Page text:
US police data analysis confirms effectiveness of automated emergency braking

US police data analysis confirms effectiveness of automated emergency braking

Vehicles equipped with automated emergency braking are much less likely to crash into the rear of other vehicles, the US-based Insurance Institute for Highway Safety (IIHS) has found in a study of the feature’s effectiveness using police-reported crash data.

Systems with automatic braking reduce rear-end crashes by about 40 percent on average. The autobrake systems also greatly reduce injury crashes.

“The success of front crash prevention represents a big step toward safer roads,” said David Zuby, IIHS chief research officer. “As this technology becomes more widespread, we can expect to see noticeably fewer rear-end crashes. The same goes for the whiplash injuries that often result from these crashes and can cause a lot of pain and lost productivity.”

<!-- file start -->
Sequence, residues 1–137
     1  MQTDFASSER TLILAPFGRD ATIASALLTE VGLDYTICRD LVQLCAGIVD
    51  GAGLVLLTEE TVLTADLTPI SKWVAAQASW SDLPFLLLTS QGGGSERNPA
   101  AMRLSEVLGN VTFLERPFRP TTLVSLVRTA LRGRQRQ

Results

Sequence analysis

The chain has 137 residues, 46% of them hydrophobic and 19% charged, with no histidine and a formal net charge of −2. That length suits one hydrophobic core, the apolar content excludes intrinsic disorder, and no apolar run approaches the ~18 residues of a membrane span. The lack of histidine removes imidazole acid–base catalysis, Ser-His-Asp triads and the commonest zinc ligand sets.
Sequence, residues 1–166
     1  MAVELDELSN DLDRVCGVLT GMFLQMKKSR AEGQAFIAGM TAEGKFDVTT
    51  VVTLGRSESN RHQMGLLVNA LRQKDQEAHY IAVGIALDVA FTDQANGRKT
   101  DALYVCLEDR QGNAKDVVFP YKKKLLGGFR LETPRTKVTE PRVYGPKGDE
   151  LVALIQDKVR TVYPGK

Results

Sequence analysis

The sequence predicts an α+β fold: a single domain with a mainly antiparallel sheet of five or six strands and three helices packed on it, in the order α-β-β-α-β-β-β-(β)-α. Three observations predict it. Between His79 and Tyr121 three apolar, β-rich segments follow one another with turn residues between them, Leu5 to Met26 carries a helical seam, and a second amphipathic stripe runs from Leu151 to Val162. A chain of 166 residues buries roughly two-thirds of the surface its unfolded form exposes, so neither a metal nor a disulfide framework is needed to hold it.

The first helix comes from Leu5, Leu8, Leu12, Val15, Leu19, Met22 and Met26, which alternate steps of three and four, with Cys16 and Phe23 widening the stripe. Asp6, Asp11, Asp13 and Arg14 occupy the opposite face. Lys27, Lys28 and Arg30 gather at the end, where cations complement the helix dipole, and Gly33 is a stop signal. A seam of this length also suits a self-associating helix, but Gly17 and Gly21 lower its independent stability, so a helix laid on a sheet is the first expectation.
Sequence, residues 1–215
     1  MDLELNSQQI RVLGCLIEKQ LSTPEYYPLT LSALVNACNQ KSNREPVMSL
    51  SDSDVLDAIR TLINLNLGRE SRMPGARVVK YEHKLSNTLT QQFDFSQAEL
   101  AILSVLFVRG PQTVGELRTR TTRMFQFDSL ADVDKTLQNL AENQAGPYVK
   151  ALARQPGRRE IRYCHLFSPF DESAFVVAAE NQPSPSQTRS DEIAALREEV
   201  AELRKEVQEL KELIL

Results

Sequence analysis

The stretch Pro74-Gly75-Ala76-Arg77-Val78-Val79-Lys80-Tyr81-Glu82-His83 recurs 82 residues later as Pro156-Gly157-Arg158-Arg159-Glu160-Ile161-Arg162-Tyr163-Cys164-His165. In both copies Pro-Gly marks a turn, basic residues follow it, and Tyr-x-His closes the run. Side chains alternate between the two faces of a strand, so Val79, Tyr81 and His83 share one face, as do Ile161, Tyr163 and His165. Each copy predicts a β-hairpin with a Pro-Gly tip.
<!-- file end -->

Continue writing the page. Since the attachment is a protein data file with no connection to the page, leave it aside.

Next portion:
In September, the National Highway Traffic Safety Administration and IIHS announced an agreement in principle with US carmakers to make automatic braking standard on all models.

An international study published last year similarly found a 38% reduction in rear-end collissions.

Note: This report was updated on 26 February 2016 to reflect that an earlier international study found similar results to the IIHS report.

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